Cooper’s Thunder Nearly Derailed Clay's Title Hopes
02.06.07 - By Mike Dunn: British boxing legend Henry Cooper is still remembered for it. As we approach the 44th anniversary of the famed encounter, Cooper remains a beloved figure in his native England and when fans reminisce about old ’Enery, they talk about the potent left hook he landed to the jaw of 21-year-old Cassius Clay. And they talk about what might have been ...
Article posted on 03.06.2007
On June 18, 1963, the young, brash American Clay entered the ring in venerable Wembley Stadium in London to take on the 29 year-old Cooper, who was a top flight fighter in Europe and the British Empire, but who was not considered by most to be a serious threat to derail Clay’s title ambitions..
Cooper had a record of 27-8-1. He was a capable fighter who had won 12 of his previous 13 bouts, the only defeat being a KO loss to the highly regarded American Zora Folley in December of ’61. The Englishman was a long shot to beat Clay, but an upset was not out of the realm of possibility. Cooper wasn’t flashy, but he did possess a left hook that could separate any heavyweight around from his senses. A decision win for the plodding Englishman over the slippery, fast-moving, fast-punching Clay was very unlikely. Cooper would certainly need to knock Clay out to win. But could it be done? Many of Cooper’s countrymen believed it could happen, even though Cooper at 186 pounds weighed 20 pounds less than the cocky American. Cooper, the pride of Bellingham, had won impressively in his previous two outings, knocking out Joe Erskine in nine rounds and Dick Richardson in five rounds in successful defenses of the Commonwealth (British Empire) and British heavyweight titles. Cooper had the punch if he could somehow find Clay’s chin with it.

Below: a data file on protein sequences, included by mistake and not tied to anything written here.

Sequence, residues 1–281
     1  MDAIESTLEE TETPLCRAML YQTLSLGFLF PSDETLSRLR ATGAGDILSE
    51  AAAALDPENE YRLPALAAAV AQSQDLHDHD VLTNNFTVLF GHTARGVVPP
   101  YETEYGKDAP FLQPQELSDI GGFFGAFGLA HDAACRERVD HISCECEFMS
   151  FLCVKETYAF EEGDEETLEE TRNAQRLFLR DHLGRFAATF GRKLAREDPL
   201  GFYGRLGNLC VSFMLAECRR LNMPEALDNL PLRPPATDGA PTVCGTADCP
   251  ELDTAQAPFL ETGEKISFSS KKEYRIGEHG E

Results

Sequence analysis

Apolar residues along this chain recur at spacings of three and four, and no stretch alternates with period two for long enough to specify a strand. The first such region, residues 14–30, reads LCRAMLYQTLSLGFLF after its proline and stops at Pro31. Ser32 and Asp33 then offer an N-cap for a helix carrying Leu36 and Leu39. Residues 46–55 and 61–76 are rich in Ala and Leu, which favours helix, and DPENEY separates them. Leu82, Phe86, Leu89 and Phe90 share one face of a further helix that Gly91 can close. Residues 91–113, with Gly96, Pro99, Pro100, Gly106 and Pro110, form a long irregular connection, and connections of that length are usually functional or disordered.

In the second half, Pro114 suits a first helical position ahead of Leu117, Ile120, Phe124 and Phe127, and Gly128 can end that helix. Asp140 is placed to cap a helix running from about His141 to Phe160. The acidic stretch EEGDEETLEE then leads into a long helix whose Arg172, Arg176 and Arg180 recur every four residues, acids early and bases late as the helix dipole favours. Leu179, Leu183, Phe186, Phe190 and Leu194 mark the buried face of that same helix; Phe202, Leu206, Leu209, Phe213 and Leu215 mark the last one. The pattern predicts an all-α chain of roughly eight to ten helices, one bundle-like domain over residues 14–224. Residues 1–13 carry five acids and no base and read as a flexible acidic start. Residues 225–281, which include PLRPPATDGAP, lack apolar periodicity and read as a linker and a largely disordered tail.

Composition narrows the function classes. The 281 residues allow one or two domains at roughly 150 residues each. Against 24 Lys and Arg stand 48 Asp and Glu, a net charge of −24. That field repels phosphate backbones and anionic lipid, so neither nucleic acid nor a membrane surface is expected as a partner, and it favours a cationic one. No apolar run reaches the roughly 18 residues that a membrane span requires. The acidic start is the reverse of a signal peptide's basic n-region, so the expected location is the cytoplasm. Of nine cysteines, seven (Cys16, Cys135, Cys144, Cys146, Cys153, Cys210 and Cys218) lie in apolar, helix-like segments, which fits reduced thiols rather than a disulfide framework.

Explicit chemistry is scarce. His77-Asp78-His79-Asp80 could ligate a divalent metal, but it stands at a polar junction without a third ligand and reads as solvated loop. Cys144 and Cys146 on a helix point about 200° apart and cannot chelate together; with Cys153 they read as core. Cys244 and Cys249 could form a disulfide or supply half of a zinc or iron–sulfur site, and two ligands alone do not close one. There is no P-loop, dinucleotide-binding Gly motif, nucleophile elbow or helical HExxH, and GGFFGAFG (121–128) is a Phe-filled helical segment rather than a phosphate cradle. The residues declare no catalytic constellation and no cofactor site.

The irrepressible Clay, clamoring loudly for a title shot against the stoic Sonny Liston, was unbeaten in 18 contests. His previous bout had been a disappointing, frustrating 10-round decision over the slick Doug Jones in Madison Square Garden on national TV. Clay deserved the decision, but Jones made him miss often and even look amateurish at times. On top of that, Clay had been staggered by Jones in the first round and had been hit several times throughout the fight with well-placed rights.